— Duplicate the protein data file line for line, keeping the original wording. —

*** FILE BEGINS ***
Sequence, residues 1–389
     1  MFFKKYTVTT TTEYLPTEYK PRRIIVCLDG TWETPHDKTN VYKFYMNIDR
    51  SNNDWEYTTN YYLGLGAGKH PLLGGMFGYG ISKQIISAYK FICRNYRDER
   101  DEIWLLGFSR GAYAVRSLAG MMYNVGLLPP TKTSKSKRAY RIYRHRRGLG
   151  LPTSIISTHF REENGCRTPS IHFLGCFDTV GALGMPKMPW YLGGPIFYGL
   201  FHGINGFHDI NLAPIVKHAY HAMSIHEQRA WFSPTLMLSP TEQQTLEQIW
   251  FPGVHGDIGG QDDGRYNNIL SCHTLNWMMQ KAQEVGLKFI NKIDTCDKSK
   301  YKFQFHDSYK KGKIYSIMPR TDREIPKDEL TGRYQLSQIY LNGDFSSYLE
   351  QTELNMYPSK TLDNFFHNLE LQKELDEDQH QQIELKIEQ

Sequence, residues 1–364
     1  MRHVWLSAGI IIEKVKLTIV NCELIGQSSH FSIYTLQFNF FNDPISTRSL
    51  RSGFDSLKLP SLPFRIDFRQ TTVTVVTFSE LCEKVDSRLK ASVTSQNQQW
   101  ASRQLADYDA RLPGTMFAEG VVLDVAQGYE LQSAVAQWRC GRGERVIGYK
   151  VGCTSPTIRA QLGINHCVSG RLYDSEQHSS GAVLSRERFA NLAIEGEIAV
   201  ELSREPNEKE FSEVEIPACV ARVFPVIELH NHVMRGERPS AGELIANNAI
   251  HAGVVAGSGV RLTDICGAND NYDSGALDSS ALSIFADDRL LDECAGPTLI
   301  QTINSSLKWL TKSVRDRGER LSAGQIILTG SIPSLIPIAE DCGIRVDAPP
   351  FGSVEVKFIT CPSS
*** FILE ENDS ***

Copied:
Sequence, residues 1–389
     1  MFFKKYTVTT TTEYLPTEYK PRRIIVCLDG TWETPHDKTN VYKFYMNIDR
    51  SNNDWEYTTN YYLGLGAGKH PLLGGMFGYG ISKQIISAYK FICRNYRDER
   101  DEIWLLGFSR GAYAVRSLAG MMYNVGLLPP TKTSKSKRAY RIYRHRRGLG
   151  LPTSIISTHF REENGCRTPS IHFLGCFDTV GALGMPKMPW YLGGPIFYGL
   201  FHGINGFHDI NLAPIVKHAY HAMSIHEQRA WFSPTLMLSP TEQQTLEQIW
   251  FPGVHGDIGG QDDGRYNNIL SCHTLNWMMQ KAQEVGLKFI NKIDTCDKSK
   301  YKFQFHDSYK KGKIYSIMPR TDREIPKDEL TGRYQLSQIY LNGDFSSYLE
   351  QTELNMYPSK TLDNFFHNLE LQKELDEDQH QQIELKIEQ

Sequence, residues 1–364
     1  MRHVWLSAGI IIEKVKLTIV NCELIGQSSH FSIYTLQFNF FNDPISTRSL
    51  RSGFDSLKLP SLPFRIDFRQ TTVTVVTFSE LCEKVDSRLK ASVTSQNQQW
   101  ASRQLADYDA RLPGTMFAEG VVLDVAQGYE LQSAVAQWRC GRGERVIGYK
   151  VGCTSPTIRA QLGINHCVSG RLYDSEQHSS GAVLSRERFA NLAIEGEIAV
   201  ELSREPNEKE FSEVEIPACV ARVFPVIELH NHVMRGERPS AGELIANNAI
   251  HAGVVAGSGV RLTDICGAND NYDSGALDSS ALSIFADDRL LDECAGPTLI
   301  QTINSSLKWL TKSVRDRGER LSAGQIILTG SIPSLIPIAE DCGIRVDAPP
   351  FGSVEVKFIT CPSS